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Auburn Legend Lends A Hand To Alabama Football

Always looking for a competitive edge, Nick Saban leaves no stone unturned when finding ways to help his team succeed. This year, he brought Auburn basketball star Charles Barkley in to do just that.

As reported by Saturday Down South, Barkley visited Alabama’s Mal M. Moore Athletic Facility Tuesday to give an inspirational speech to the Crimson Tide.

Beloved by Auburn fans, Charles is an Alabama native. Born in Mobile, he made his presence on the court known from an early age. In 1981 he accepted a scholarship at Auburn and quickly made a name for himself. He was SEC Player of the Year in 1984, and he still holds the Auburn record for career field goal percentage with 62.6%.

From 1984-2000 he was an NBA star, being named league MVP once and making 11 NBA All-Star appearances.

If you know anything about the rivalry that exists between Auburn and Alabama, then it might come as a shock that Barkley would do anything to help the Tide, no matter how small. And normally that might be true, except for the relationship he has built with coach Saban.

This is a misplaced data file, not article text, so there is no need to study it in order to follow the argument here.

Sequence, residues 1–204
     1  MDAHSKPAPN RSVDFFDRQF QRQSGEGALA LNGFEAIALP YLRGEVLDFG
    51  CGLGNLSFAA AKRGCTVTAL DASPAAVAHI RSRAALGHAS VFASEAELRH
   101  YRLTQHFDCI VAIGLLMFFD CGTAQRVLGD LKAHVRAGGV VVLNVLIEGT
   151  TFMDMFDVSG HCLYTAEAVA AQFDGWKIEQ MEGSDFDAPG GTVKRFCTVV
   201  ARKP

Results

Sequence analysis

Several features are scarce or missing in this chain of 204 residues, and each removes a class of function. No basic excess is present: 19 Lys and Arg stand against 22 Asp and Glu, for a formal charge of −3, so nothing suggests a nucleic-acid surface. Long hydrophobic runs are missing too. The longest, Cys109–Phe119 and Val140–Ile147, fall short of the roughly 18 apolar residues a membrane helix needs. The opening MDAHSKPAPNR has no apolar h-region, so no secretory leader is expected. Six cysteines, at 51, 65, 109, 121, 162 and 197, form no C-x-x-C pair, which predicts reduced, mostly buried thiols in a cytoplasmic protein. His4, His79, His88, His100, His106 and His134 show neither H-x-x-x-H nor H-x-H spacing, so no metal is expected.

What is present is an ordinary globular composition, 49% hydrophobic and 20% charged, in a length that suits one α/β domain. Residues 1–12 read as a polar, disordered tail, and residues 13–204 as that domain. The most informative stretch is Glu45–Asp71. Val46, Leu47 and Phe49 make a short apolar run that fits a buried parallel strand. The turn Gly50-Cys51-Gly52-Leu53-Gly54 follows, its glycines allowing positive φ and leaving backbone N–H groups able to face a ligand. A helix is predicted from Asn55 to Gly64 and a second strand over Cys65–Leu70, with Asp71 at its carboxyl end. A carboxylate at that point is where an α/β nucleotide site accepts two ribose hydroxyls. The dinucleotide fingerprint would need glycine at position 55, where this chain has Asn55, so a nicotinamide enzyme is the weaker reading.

Outspoken about the struggles young African American men face, Charles has used his fame to help make an impact throughout the state.

In a conversation he had with Saban last year, Barkley said,

“As a black man, I really respect when you give other black men an opportunity after they’ve screwed up. Because I always tell people, ‘Everybody is an idiot when they’re 18. Young Kids are going to make mistakes.’ But as a black man, I just want to say thank you for giving these young black guys an opportunity. I know you have taken some heat, and I thought it was unfair because we don’t need to just throw kids away when they do something stupid.”

While the transcript of the Barkley’s speech has not been released, you can bet that it centered around hard work and overcoming adversity.

For most, it’s either Alabama or Auburn, and those two things don’t mix in Bama’. But, even if for a short time, it’s great to see Alabama leaders crossing into enemy territory to help young men grow. Because at the end of the day, lives are bigger than the games we play.

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